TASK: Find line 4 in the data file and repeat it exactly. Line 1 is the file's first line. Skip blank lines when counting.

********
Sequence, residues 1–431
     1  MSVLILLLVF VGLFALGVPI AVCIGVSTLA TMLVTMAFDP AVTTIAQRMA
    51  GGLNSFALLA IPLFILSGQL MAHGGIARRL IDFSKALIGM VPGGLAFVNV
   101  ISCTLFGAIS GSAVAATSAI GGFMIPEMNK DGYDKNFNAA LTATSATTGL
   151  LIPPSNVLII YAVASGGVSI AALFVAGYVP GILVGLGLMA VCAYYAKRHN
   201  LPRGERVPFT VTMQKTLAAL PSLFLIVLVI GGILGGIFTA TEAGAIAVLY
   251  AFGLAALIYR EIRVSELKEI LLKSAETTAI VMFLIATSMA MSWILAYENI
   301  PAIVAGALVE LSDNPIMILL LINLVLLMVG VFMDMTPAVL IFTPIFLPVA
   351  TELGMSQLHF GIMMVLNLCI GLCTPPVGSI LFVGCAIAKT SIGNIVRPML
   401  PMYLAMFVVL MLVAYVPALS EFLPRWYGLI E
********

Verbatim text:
   101  ISCTLFGAIS GSAVAATSAI GGFMIPEMNK DGYDKNFNAA LTATSATTGL